Officials in Holyoke are considering what some people are claiming may turn out to be an unconstitutional measure to curb begging for donations in their city. The city, which contains roughly 40,000 residents, has about 20 panhandlers who roam the streets regularly, according to a source close to city hall.
The City Council proposed erecting barriers at intersections where panhandlers typically stand, a measure that passed 6-5 in a Council meeting on June 6 but was rejected by Holyoke mayor Alex B. Morse.
“The city will not be installing barriers at intersections. First, this approach simply will not work—we can’t build our way out of this issue. Doing so would be a reactive approach that does nothing to address the underlying factors that result in panhandling,” Morse told MassLive in June.
However, the situation of the homeless and low-income population in the city remains tense, and other ideas to curb or mask its presence have been discussed, including requiring panhandlers to carry permits. This is a measure that would be difficult to pass, as many homeless don’t possess the identification or documents necessary to obtain a permit.
Currently, the plan to construct a handful of experimental barriers at intersections typically populated by panhandlers has stalled. The Holyoke Department of Public Works reportedly received an order on May 23 to begin working on the project, though a source close to City Hall reports that nothing has been constructed yet. Michael McManus, general superintendent of the Department of Public Works, did not return our request for comment.
Sarah Wunsch, deputy director of the American Civil Liberties Union of Massachusetts, said the case in Holyoke mirrors two she has worked on recently—in Worcester and Lowell. Both cities were considering measures to effectively criminalize panhandling, which Wunsch said violates the beggars’ first amendment rights to peacefully ask for help and donations.
The ACLU won both cases, Thayer v. The City of Worcester and McLaughlin v. Lowell, in November 2015 and October 2016, respectively. Wunsch reports that Worcester is expected to pay some $400,000 in legal fees back to the union.
“Lowell and Worcester adopted local laws that defined aggressive solicitation in ways that included stuff that’s not aggressive at all,” Wunsch said. “The Worcester case involved prohibition of being on a traffic island for purpose other than crossing the street, but politicians had campaigned by standing there with signs as well, and the courts found the case was unconstitutional,” she added. “If they’re targeting areas where people have peacefully and safely stood without a problem, then they may be verging on violating the first amendment.”
Wunsch noted that it was difficult for her to speak precisely on the Holyoke case, as the city appears to be doing its best to keep the situation low-profile following an inflammatory comment from City Councillor At-Large Michael Sullivan during a meeting on May 23.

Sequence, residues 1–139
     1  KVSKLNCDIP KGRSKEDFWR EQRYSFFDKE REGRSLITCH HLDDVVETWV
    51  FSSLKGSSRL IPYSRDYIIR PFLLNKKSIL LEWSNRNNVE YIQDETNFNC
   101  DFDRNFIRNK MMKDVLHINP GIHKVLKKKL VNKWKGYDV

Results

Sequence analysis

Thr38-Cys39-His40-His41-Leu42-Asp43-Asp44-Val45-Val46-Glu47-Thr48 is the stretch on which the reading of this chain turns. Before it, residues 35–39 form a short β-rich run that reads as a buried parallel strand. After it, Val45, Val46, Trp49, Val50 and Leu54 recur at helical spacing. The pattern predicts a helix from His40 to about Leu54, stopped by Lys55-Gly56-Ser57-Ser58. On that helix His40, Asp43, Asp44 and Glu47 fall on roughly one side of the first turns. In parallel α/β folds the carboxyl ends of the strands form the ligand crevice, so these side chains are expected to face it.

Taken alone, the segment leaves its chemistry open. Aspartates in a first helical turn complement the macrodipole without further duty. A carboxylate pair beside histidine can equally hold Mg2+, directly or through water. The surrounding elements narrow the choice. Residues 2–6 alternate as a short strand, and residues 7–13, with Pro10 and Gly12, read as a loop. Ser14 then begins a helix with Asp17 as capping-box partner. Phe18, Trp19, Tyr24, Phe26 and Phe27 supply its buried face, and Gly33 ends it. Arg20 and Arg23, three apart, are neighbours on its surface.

“Take out an ad, ‘Don’t feed the animals.’ Throw them in jail, make them uncomfortable and more willing to seek help … We’re making it too easy for them to stay there,” Sullivan remarked.
Ironically, one of Sullivan’s aides, who asked to remain anonymous, reports that Sullivan is not supportive of the traffic barrier plan, as he thinks it will waste taxpayer dollars. Sullivan has since apologized to council members for his remarks but refused to provide Spare Change News with an interview.
Reacting to these statements, Wunsch said, “They’re very disturbing, and they show what the real intention is here, to interfere with those who engage in peaceful panhandling, which is a constitutional right. It’s also disturbing that this is their view of human beings who have a right to be in that city and not be treated like animals.”
Wunsch agreed that taxpayer dollars should be used as efficiently as possible and suggested the city consider a job training program, similar to pilot programs that have succeeded in Albuquerque, New Mexico, and Portland, Maine. The programs involve hiring panhandlers as city workers and paying them a minimum wage to help beautify the streets they live on. In some cases, social services and housing support are also offered.
Holyoke currently maintains two shelters and one drug treatment program for its homeless. The largest of the three is a 28-unit family shelter on Oak Street.
Sullivan’s anonymous aide reported that Sullivan has filed an order with the city council to encourage residents not to donate to panhandlers, as they may be struggling with drug addictions, and to donate money in other ways.
“Our Chief of Police Anthony Scott has told us that they did a recent survey of nine panhandlers. All nine have substance problems, and eight happened to be heroin; one was using crack cocaine, and only one sought help,” the aide said. “[Scott] says there’s more outreach he wants to do, and the basic premise is, he does not want to see people give money to panhandlers because in his mind, that funds the drug problem which is well known in the city of Holyoke,” the aide continued.
The aide also added that Scott reported to Sullivan and the City Council, urging them to consider that a traffic barrier would potentially “open us up to a lawsuit from the ACLU.”
“Michael Sullivan is currently working out the issue and talking to advocates who work with the homeless and panhandlers, as well as the county sheriff’s office,” Sullivan’s aide said. “For the most part, what we’ve come to grips with is that it’s a recognized freedom of speech to be out in public and ask for money this way.”
Editor’s note: An earlier version of this article stated that Worcester would have to pay out $40,000 in legal fees. The actual figure is $400,000. It also stated that the ACLU settled two cases that they actually won.